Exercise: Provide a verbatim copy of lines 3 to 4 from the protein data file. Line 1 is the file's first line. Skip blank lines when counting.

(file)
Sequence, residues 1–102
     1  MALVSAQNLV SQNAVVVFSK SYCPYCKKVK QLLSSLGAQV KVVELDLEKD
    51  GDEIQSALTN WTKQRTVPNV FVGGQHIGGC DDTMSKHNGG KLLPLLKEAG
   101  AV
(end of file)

    51  GDEIQSALTN WTKQRTVPNV FVGGQHIGGC DDTMSKHNGG KLLPLLKEAG
   101  AV